Devil’s Day is a fall observance celebrated by a remote sheep-farming community called the Endlands located beside the English moors. It commemorates a time of illness and natural disaster almost a century before that made the Endlanders believe that the Devil walked among them and that they were being persecuted by him for some misdeed.
Known as “the Owd Feller” by the locals, the Devil is believed to have killed 13 people that long-ago autumn through a combination of lung disease, fever, and prolonged blizzard conditions. The sheep farmers and their kin began a tradition at that time that all stories or tall tales should begin with the Devil.
As the novel begins, John Pentecost is walking home with his young son Adam through the gathering dusk from a hunting expedition and starts to tell an autobiographical tale in which he describes past events that seem to have been touched by the Devil’s hand. The tale begins with John’s return to his childhood home as a newlywed with his young bride Kat.
Kat is pregnant, and she and John have planned a long visit to the Endlands to help do farm work. They want to be present for a tradition called the Gathering in which the sheep are brought down from grazing the Lancashire moors and back to the farms for the winter. The couple’s visit takes a more permanent turn when the Gaffer, John’s elderly grandfather dies suddenly. John and Kat must decide whether to stay and live permanently with John’s father, Dadda, who might not be able to maintain his rural sheep-farming lifestyle single-handed.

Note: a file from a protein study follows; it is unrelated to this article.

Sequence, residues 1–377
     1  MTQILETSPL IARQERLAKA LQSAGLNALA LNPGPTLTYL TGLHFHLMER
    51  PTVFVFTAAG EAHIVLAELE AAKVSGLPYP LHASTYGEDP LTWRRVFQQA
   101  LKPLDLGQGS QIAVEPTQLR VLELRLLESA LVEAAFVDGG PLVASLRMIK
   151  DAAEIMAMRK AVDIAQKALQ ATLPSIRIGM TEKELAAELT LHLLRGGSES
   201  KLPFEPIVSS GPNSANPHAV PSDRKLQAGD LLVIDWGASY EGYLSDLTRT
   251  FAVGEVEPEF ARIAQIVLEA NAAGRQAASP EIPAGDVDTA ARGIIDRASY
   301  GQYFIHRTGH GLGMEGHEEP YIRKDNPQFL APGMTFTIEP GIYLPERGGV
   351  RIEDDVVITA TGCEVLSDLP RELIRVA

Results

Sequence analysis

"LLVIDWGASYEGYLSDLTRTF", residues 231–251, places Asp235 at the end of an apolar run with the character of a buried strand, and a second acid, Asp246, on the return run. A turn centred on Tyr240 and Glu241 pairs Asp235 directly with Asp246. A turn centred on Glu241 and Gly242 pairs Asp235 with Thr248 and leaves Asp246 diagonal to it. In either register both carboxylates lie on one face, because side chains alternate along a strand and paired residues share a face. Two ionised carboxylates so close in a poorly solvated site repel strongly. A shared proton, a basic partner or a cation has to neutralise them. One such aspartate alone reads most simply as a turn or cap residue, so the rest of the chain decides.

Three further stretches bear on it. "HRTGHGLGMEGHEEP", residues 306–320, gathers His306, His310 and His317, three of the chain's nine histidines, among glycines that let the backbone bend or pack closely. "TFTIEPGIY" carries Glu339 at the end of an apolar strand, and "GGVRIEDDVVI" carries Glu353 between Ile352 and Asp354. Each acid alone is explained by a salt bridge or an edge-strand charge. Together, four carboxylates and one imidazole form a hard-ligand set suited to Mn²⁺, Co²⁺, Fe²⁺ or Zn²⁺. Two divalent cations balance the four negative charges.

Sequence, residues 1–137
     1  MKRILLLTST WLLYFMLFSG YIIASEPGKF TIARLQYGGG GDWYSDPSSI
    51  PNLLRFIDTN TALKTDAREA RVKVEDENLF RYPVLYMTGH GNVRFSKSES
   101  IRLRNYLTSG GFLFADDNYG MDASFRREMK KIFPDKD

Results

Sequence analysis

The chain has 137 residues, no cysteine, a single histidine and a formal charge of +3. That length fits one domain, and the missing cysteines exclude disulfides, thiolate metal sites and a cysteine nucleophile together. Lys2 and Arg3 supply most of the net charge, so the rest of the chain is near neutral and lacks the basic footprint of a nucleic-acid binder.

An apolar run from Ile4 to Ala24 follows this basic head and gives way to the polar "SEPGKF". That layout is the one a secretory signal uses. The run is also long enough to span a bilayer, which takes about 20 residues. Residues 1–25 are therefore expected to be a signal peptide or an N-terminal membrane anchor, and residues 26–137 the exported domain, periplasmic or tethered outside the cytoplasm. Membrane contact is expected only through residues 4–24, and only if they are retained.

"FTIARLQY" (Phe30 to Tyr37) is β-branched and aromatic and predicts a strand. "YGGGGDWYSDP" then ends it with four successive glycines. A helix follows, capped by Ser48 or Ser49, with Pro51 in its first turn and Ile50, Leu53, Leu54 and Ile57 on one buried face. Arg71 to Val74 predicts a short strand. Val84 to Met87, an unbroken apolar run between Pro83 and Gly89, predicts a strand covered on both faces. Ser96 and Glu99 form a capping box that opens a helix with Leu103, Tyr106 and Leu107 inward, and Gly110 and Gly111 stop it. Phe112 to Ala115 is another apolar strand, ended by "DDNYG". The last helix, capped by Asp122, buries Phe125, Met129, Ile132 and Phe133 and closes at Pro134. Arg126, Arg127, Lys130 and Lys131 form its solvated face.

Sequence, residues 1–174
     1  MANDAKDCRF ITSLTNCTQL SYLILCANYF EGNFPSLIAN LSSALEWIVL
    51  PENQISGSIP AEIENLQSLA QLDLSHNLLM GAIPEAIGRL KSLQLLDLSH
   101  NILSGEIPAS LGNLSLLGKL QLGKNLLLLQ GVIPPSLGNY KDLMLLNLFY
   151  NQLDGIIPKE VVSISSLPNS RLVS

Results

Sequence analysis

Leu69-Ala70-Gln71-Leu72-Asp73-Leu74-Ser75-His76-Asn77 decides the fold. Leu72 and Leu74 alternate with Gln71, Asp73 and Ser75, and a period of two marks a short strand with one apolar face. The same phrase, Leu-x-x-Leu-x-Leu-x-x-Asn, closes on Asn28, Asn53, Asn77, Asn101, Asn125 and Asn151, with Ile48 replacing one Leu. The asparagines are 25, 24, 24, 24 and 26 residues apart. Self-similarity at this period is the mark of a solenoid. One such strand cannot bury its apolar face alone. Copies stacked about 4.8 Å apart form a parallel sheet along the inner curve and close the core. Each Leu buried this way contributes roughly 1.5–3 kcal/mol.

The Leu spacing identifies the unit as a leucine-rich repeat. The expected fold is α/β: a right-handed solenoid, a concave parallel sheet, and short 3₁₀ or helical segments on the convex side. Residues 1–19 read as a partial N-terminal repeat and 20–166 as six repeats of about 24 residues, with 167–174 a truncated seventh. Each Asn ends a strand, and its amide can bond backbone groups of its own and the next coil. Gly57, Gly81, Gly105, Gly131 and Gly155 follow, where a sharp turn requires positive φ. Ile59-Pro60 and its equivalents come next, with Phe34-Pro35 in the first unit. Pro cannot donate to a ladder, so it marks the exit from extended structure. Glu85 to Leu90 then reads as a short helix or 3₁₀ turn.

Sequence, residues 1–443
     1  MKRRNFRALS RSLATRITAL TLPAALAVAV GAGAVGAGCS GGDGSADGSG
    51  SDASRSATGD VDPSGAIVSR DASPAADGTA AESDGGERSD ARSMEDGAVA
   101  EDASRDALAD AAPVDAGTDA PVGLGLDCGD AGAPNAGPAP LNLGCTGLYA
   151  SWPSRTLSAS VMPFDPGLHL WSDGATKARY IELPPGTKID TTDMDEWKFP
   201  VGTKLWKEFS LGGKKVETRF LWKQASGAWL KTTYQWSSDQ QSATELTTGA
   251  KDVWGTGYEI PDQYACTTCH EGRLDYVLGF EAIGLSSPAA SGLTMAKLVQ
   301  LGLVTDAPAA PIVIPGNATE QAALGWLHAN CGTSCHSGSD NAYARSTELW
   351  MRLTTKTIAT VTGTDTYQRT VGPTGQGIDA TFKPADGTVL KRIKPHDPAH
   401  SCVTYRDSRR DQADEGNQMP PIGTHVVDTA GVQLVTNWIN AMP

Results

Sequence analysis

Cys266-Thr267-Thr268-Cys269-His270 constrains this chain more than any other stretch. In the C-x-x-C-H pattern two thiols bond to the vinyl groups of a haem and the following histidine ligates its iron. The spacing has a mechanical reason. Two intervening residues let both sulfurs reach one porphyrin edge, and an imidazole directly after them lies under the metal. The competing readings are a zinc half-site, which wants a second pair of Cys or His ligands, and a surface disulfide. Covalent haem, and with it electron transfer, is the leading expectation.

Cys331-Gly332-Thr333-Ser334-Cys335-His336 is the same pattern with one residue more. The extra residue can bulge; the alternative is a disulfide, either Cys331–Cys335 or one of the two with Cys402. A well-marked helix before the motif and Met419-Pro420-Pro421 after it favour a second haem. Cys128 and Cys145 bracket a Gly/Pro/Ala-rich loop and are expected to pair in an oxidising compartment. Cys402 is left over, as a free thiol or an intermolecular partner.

Complicating matters is John’s conflicted memories of a difficult childhood at the Endlands. His mother died quite young and the bullies from the village school picked on him in a running rivalry between the farm children and the village children. Some of that ill will persists to the present day.
Things go wrong during the Gathering and Kat experiences disquieting manifestations of evil. Are her hallucinations real, are they delusional signs of hormonal disruption, or are some of the neighbors targeting the family based on past grudges?
“Devil’s Day” is a gothic gem of psychological suspense that drips with dread and the threat of impending disaster. It reads like part crime novel and part morality fable in which the “sins of the fathers have been visited upon the children” in this small corner of the English countryside.
Author Andrew Hurley teaches English literature in Lancashire and his first book “The Loney” was a surprise bestseller and won the Debut Fiction Book of the Year Award in 2016 at the British Book Industry Awards.
Lisa Kobrin is the Reference Manager and Genealogy Librarian at the May Memorial Library. She can be reached at email@example.com or (336) 229-3588.